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Clinical & Experimental Metastasis

, Volume 34, Issue 5, pp 333–344 | Cite as

Expression of ezrin and moesin in primary breast carcinoma and matched lymph node metastases

  • M. BartovaEmail author
  • J. Hlavaty
  • Y. Tan
  • C. Singer
  • K. Pohlodek
  • J. Luha
  • I. Walter
Research Paper

Abstract

Ezrin, radixin, moesin (ERM) are important membrane-cytoskeletal crosslinkers and are suggested to play important role in cancer progression and metastasis. Even though ERM proteins were generally considered to be functionally redundant and the most studied was ezrin, recent studies highlight their distinct roles in metastatic process. Little information is available regarding the role of individual ERM proteins and their phosphorylated forms in human breast cancer. Our study is the first to examine expression of ezrin, moesin and their phosphorylated forms in primary breast tumors and matched lymph node metastases (LNMs) and their correlation with clinicopathological variables. A total of 88 primary breast cancer, 91 LNMs, 54 intraductal carcinoma and 26 normal adjacent breast tissue samples from tissue microarrays were studied. Expression was determined by immunohistochemistry, the intensity and number of positive cells was scored. Statistical analysis of protein expression and patients’ age, tumor grade and hormonal status was performed. No statistical significant difference was found in ezrin, moesin, p-ezrinTyr353 and pan-p-ezrinThr567/radixinThr564/moesinThr558 expression between primary tumors and LNMs. Even though it was not significant, moesin expression varied between primary tumors, intraductal carcinoma, normal breast adjacent tissue and LNMs. A significant positive correlation between moesin and tumor grade has been proven. Even though primary tumors and matched LNMs did not show different expression patterns, moesin correlated significantly with higher tumor grade. Its positivity in intraductal carcinoma and normal breast tissue adjacent to cancer might indicate its role in tumor intiation/progression.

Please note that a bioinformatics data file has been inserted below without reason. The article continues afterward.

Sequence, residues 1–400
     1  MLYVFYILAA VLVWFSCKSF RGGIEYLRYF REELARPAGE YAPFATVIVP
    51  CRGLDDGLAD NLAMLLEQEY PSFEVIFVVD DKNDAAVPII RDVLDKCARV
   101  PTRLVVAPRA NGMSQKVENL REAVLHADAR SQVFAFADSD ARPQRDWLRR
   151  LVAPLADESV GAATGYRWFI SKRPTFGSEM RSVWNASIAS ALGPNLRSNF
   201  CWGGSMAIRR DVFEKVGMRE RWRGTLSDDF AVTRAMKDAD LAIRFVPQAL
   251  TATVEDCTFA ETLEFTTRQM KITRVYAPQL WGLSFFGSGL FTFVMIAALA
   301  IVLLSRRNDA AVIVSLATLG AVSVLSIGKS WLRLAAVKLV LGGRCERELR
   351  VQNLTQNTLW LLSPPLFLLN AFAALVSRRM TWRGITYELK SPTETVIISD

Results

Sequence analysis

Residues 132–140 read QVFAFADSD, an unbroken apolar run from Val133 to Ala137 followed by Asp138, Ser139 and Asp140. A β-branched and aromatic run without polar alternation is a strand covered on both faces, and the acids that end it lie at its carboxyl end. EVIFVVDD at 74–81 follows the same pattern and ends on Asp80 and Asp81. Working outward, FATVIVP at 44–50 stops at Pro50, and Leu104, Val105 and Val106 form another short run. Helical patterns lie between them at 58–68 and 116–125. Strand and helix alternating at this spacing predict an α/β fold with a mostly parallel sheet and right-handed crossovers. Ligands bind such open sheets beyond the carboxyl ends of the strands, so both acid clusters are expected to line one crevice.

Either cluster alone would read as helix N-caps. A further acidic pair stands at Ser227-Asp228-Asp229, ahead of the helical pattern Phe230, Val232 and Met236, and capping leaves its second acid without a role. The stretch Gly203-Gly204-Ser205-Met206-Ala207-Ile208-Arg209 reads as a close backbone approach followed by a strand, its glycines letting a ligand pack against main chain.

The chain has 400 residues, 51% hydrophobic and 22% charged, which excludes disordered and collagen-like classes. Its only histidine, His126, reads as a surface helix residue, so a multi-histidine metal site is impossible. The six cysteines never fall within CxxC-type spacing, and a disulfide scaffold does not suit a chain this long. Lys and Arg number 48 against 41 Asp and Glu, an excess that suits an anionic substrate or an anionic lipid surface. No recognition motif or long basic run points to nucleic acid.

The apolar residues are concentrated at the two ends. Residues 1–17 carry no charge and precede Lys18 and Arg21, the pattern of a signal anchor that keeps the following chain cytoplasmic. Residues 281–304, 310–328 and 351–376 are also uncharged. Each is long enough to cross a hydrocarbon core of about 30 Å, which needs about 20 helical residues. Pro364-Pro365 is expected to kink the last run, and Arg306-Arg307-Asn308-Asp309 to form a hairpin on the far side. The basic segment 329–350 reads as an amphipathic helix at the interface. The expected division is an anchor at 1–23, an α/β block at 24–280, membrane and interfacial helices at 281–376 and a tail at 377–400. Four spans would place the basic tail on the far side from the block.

Keywords

Ezrin Moesin Phosphorylation Breast cancer metastasis 

Notes

Acknowledgements

The authors thank C. Höchsmann and A. Flemming for their excellent technical support in histology and immunohistochemistry as well as S. Weingartshofer and D. Muhr for material support.

Compliance with ethical standards

Conflict of interest

The authors declare that they have no conflict of interest.

Supplementary material

10585_2017_9853_MOESM1_ESM.docx (22 kb)
Supplementary material 1 (DOCX 21 KB)

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© Springer Science+Business Media B.V. 2017

Authors and Affiliations

  1. 1.2nd Department of Obstetrics and GynecologyUniversity Hospital BratislavaBratislavaSlovakia
  2. 2.Department of Pathobiology, Institute of Anatomy, Histology and EmbryologyUniversity of Veterinary MedicineViennaAustria
  3. 3.Department of Obstetrics and Gynecology, Comprehensive Cancer CenterMedical University of ViennaViennaAustria
  4. 4.QIMR Berghofer Medical Research InstituteHerstonAustralia
  5. 5.Division of General Gynecology and Gynecological Oncology, Department of Obstetrics and GynecologyMedical University of ViennaViennaAustria
  6. 6.Faculty of Medicine, Institute of Medical Biology, Genetics and Clinical GeneticsComenius University BratislavaBratislavaSlovakia

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